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Covid has taken the parents of 37,300 children, model estimates

More than 37,000 U.S. children have lost a parent to Covid-19, and that number could soar to well over 100,000 if something like herd immunity happens, new research predicts. It’s a staggering number, reached by modeling to measure the impact of a disease to which not just the elderly fall prey but also adults in the prime of life. The cost to children comes in traumatic grief, depression, difficulties at school, and unintentional death or suicide, the researchers say, problems that can last into adulthood. Because Covid-19 has meant isolation and financial hardship, that impact is heightened. And Black children bear more of the burden, the model says: They number 14% of the population but 20% of the children who have lost a parent.

Anatomy of a Covid-19 outbreak

In February, a crowd gathered at a bar in rural Illinois to celebrate its opening. A public health investigation triggered when more than five Covid-19 cases were traced to the bar later concluded that the outbreak likely led to 46 cases, one hospitalization of a nursing home resident, and one school closure affecting 650 children after two students tested positive. Table spacing and signs had little effect on social distancing or mask-wearing in the bar, which has a capacity of 100 people. One patron had tested positive for Covid-19 the day before going to the bar, but had no symptoms. Another patron who worked at a nursing home was also asymptomatic, but later tested positive; one other nursing home staff member and three residents later developed Covid. "Bars can play a role in community spread of Covid-19," a CDC summary says.

Watching for the next virus to jump from animals to humans

Before this pandemic ends, scientists are already preparing for the next one. Researchers focusing on pathogens that travel from animals to people have created a database whose purpose is to expect the unexpected. SpillOver is a tool designed to rank viruses that originate in wildlife based on their risk of spreading to people. The database now includes 887 wildlife viruses that may pose a threat to humans. Reassuringly, 12 known human pathogens, including SARS-CoV-2, Lassa virus, and Ebola virus, scored at the top of the list. “The power of this tool lies in the fact that it is open source and adaptable — the more virus detection data that are entered, the more robust the rankings,” they write.

Inside STAT: Troubling podcast puts the ‘voice of medicine’ under fire for its handling of race


Weeks after it was scrubbed from JAMA’s website, a disastrous podcast — whose host, a white editor and physician, questioned whether racism even exists in medicine — is surfacing complaints that JAMA and other elite medical journals have routinely excluded, minimized, and mishandled issues of race. Recent examples include a letter claiming structural racism doesn’t play a role in pulse oximeters working less well on patients with dark skin because machines can’t exhibit bias and an article claiming that students of programs designed to increase diversity in medicine won’t make good doctors. “It’s the tip of the racist iceberg,” Brittani James, an assistant professor of clinical family medicine and co-founder of the Institute for Antiracism in Medicine, said of the podcast. STAT’s Usha Lee McFarling has more.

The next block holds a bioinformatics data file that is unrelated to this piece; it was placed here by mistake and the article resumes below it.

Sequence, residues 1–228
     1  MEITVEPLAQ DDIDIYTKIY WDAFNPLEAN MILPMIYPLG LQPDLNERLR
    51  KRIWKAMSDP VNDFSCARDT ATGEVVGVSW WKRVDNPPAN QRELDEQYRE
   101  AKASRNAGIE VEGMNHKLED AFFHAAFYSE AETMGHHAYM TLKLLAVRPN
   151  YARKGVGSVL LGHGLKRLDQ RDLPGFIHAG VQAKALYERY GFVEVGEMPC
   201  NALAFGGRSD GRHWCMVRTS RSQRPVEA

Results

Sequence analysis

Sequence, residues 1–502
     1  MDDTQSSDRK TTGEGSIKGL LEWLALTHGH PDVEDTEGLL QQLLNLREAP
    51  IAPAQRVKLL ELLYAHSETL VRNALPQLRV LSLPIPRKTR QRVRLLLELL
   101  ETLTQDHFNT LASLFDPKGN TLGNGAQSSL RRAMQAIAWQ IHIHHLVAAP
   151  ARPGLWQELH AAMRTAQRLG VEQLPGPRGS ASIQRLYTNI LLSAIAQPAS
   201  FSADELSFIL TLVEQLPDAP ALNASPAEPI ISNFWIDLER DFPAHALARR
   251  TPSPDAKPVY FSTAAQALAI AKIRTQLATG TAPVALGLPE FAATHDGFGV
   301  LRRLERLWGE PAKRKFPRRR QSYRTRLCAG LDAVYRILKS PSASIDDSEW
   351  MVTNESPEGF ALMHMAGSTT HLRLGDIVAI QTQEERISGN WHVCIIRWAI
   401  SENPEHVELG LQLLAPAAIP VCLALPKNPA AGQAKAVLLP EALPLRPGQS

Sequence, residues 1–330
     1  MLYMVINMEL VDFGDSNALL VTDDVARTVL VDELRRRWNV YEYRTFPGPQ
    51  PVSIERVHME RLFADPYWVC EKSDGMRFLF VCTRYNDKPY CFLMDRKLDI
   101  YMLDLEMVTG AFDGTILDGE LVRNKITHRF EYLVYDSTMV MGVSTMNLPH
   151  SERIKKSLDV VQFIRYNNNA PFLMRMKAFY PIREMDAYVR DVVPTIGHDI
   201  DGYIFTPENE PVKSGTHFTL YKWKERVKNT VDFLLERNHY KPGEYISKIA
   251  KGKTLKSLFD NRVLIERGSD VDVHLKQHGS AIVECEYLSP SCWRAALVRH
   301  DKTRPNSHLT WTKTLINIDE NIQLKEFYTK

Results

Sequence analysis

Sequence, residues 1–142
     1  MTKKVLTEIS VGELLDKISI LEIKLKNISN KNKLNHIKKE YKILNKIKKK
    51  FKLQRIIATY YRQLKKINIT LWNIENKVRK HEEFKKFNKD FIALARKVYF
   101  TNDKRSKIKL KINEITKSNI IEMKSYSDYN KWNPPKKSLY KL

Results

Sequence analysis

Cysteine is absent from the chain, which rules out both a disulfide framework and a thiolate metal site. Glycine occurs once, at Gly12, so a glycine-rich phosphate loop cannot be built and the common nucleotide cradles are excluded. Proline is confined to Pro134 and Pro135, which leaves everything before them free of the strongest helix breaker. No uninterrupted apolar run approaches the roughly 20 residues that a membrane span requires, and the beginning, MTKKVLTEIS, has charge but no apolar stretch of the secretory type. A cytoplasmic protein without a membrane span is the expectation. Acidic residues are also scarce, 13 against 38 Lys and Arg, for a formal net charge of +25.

Access to medications for opioid use disorder improved with Medicaid expansion — for some 

Among the 6.5 million people involved in the U.S. criminal justice system on any given day, substance use disorder occurs at much higher rates than for other people. The barriers to treatment for opioid use disorder are also higher than for people with the disorder who are referred for treatment outside the justice system. A new study finds that in states that expanded Medicaid, receipt of the medications methadone or buprenorphine went up for people in the criminal justice system (defined as currently or recently in prison or jail, on probation or parole, or arrested) compared to states that did not. “Additional policy change outside the health care sector is likely needed to reduce persistent treatment disparities,” the authors note.

Shorter courses of antibiotics recommended for some common bacterial infections

If new recommendations from the American College of Physicians take hold, patients may soon see shorter courses of antibiotics prescribed for common bacterial infections in an effort to stem the tide of antibiotic resistance. 

  • For acute, uncomplicated bronchitis and COPD exacerbation, five days.
  • For community-acquired pneumonia, five days with extensions based on symptoms.
  • For uncomplicated urinary tract infections in women, either nitrofurantoin for five days, trimethoprim-sulfamethoxazole for three days, or fosfomycin as a single dose.
  • In men and women with uncomplicated pyelonephritis, either with fluoroquinolones for five to seven days or trimethoprim-sulfamethoxazole for 14 days based on antibiotic susceptibility.
  • For nonpurulent cellulitis five to six days of antibiotics active against streptococci for patients able to self-monitor and follow up with primary care.

Covid-19 cases in the U.S.

Cases yesterday: 79,075
Deaths yesterday
: 607


What to read around the web today

  • U.K. to ease lockdown next week, will test vaccine passports. Associated Press
  • What Covid means for the athlete’s heart. KHN
  • There’s no point person in Biden’s HHS for its $186 billion Covid-19 fund for health care providers. STAT+
  • The urgency of vaccinating kids. The Atlantic
  • FDA cites lack of evidence in rejecting Acadia Pharma’s bid to expand use of anti-psychosis drug. STAT+

Thanks for reading! More tomorrow,

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